A study published online in the journal Foot & Ankle International attempts to quantify the number of opioid pills taken by opioid-naïve patients who undergo outpatient foot and ankle surgeries with regional anesthesia.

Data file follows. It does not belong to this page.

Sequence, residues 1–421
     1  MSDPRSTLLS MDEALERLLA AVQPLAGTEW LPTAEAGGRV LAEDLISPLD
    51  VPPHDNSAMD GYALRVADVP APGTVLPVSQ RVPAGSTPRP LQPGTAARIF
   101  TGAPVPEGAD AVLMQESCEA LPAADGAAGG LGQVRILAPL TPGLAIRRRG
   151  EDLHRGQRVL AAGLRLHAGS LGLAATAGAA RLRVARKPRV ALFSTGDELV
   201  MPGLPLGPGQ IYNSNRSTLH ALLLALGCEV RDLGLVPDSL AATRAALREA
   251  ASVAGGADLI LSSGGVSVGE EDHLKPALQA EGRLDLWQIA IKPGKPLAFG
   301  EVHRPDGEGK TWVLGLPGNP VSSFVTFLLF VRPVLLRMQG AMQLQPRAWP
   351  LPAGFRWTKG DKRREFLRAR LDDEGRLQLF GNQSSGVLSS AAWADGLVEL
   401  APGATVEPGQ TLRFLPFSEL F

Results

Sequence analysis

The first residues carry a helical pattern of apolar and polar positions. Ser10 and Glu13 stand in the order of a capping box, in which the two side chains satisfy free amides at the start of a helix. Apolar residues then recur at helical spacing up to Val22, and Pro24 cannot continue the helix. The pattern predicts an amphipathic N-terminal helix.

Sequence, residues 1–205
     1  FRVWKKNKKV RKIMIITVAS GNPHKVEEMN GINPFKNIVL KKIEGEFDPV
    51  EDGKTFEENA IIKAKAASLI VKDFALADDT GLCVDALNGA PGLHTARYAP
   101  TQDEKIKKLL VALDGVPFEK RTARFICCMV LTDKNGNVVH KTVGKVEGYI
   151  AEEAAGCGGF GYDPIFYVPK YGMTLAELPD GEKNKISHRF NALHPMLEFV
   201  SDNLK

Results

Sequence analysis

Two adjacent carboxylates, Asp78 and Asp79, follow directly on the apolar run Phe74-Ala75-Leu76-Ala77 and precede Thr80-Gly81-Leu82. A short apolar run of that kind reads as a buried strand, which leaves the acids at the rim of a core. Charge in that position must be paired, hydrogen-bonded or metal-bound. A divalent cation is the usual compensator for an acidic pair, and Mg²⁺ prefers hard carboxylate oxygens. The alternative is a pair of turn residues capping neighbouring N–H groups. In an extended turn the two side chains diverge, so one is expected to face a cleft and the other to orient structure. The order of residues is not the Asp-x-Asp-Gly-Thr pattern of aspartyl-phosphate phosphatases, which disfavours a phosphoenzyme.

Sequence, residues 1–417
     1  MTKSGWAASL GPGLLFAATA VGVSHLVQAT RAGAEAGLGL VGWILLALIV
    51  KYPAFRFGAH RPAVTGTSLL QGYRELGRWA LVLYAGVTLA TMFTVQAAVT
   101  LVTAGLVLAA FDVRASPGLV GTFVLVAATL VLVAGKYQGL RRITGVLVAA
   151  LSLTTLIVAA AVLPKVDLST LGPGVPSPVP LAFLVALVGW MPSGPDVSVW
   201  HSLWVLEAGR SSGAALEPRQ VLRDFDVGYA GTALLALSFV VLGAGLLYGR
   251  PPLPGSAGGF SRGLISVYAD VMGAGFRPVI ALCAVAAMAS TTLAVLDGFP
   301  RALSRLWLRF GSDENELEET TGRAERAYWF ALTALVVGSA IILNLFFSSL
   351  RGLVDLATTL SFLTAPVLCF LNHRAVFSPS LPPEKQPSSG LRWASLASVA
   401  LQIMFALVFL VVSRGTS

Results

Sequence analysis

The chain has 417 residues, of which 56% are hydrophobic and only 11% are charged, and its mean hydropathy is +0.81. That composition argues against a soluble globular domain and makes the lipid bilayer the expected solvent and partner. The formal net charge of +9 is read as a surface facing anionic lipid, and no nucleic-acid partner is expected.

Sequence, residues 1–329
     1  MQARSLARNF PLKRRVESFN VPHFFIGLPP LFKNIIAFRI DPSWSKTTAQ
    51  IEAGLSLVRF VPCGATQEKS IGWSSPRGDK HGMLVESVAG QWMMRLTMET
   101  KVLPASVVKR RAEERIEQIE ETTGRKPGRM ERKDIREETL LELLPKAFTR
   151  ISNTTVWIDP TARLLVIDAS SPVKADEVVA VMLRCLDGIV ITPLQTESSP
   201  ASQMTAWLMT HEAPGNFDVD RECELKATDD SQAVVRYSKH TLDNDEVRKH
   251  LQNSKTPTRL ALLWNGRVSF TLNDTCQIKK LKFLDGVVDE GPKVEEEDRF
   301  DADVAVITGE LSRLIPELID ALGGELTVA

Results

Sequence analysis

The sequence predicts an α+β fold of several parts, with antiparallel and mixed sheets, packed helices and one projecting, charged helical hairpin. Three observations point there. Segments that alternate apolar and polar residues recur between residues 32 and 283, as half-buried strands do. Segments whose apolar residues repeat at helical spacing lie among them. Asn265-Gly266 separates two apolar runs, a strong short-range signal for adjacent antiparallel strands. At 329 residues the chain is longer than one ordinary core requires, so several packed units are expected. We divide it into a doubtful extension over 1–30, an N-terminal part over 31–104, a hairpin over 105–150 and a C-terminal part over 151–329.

The authors conducted a prospective, comparative study of 84 patients who underwent outpatient foot and ankle surgery with spinal blockade and long-acting popliteal blocks. Patients were given 40 or 60 narcotic pills, a 3-day supply of ibuprofen, deep vein thrombosis prophylaxis, and antiemetics. On postoperative days (PODs) 3, 7, 14, and 56, the authors surveyed patients as to whether they were still taking opioids, quantity of pills consumed, whether refills were obtained, pain level, and reason for stopping opioids. They found that patients consumed a mean 22.5 pills, with 55 percent of patients still taking opioids on POD 3 and 2.8 percent doing so on POD 56. The authors suggest that "providers consider prescribing 30 pills as the benchmark for this patient population." Learn more...

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